Lifesavers desperately need new defibrillator

Ben Hawkins with the defibrillator which needs replacing
Ben Hawkins with the defibrillator which needs replacing
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Lifesavers are calling on the public to help fund a new defibrillator to help treat people suffering a cardiac arrest.

Community first responders from Folksworth, who attend emergency incidents in Peterborough alongside the ambulance service, need to raise £2,000 in two months for the crucial piece of equipment as their current defibrillator will be out of date from December.

Ben Hawkins (19) is part of a two man team which attended 143 emergency calls from October 30, 2016 to October 1, 2017, having been on call for 5,681 hours during that time.

He said: “We are called in the day and night when we are available. When we go to bed at night we keep our phones on all night and go out at two to three o’clock in the morning.

“We then go to work the next day.

“We enjoy doing it, we just need help now. People never know when they will need us.”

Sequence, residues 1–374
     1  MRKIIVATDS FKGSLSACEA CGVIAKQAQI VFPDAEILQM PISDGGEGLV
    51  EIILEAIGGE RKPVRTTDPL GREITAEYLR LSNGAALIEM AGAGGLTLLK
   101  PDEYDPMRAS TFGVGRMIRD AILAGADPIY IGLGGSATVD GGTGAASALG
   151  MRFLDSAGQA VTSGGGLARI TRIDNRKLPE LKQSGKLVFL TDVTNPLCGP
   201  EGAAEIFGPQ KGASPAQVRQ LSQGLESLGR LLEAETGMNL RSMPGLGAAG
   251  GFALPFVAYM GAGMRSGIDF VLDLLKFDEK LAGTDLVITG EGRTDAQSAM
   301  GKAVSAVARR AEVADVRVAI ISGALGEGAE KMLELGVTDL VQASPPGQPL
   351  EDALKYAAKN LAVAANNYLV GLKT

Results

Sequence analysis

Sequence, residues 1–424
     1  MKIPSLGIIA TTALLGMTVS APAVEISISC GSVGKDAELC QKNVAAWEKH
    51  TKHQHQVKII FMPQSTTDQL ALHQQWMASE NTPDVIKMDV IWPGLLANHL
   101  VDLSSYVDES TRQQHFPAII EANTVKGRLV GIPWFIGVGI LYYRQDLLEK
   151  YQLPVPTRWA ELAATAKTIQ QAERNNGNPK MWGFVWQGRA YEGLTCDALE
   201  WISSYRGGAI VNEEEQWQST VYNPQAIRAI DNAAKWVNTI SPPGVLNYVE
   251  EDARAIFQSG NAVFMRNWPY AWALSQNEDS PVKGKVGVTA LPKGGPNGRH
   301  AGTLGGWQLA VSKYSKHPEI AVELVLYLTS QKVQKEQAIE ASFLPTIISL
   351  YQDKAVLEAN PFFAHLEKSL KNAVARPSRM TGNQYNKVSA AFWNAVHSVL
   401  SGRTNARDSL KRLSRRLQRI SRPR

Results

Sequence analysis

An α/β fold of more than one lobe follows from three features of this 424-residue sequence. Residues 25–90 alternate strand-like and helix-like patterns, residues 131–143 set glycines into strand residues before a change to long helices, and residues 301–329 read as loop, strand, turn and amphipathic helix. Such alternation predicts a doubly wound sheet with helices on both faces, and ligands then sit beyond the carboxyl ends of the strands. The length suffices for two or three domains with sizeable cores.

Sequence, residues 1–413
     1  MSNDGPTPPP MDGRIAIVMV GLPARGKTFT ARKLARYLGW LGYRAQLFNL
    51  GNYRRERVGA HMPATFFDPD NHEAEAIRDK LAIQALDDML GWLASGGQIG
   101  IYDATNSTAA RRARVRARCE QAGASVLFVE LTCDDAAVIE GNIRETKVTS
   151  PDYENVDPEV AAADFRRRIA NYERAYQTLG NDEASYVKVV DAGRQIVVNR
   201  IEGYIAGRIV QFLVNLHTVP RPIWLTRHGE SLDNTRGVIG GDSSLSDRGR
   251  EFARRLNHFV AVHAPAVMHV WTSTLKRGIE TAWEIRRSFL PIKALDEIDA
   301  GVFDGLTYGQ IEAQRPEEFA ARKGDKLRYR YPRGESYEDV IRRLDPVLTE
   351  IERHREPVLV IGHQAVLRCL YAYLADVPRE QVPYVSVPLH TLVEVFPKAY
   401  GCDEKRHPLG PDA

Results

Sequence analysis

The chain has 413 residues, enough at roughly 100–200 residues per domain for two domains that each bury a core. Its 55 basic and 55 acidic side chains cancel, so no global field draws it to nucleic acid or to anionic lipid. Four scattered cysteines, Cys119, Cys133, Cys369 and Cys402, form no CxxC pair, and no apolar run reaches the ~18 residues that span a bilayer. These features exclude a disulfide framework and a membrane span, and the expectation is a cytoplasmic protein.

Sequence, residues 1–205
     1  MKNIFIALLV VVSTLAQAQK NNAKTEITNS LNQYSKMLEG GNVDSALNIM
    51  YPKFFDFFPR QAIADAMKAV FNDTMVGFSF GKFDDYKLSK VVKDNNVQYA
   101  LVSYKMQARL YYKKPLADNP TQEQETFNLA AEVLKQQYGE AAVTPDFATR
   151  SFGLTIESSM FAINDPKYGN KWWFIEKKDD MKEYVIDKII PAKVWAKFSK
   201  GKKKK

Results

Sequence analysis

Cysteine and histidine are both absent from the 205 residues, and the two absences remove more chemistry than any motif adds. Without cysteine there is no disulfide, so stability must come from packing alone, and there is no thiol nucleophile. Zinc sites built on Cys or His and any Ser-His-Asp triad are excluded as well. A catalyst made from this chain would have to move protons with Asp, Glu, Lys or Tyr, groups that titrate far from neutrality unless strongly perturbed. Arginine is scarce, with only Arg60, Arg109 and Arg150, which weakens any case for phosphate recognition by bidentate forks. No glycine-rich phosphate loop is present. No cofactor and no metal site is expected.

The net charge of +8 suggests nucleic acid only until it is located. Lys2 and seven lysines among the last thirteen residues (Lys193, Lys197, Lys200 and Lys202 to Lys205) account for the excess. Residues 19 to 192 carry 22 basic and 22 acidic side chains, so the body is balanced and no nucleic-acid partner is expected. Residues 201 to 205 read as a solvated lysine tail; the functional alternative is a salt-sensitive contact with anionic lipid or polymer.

The current defibrillator proved crucial earlier this year when Ben helped save a woman in Peterborough city centre who had suffered a cardiac arrest.

He said: “We were lucky to keep her alive and hopefully she’s enjoying her everyday life.”

Without a defibrillator, the chance of surviving a cardiac arrest decreases by 70 per cent, he added.

Ben covers the Ortons and sometimes Peterborough city centre as a community first responder, as well as Folksworth, Stilton, Yaxley, Sawtry, Glatton and Holme.

And to raise funds for the defibrillator he is doing a 13,000 feet skydive at Sibson Airfield on December 1.

He said: “Just thinking about it gives me butterflies and pins and needles. I’m terrified - I’m so scared of heights. I have no idea how I’m going to do it but I’ve got to do it.”

Ben wanted to thank The Fox at Folksworth for donating £100 towards the new defibrillator. To donate, visit:


Community first responders are people who volunteer for the East of England Ambulance Service and respond to emergencies in their area. They are often first on the scene to 999 calls and can provide vital first aid while ambulance crews are on the way to the scene.

Ben drives to emergency incidents in his own car and has no blue lights.

However, back in May a ‘first responder’ identification sign on his car was stolen.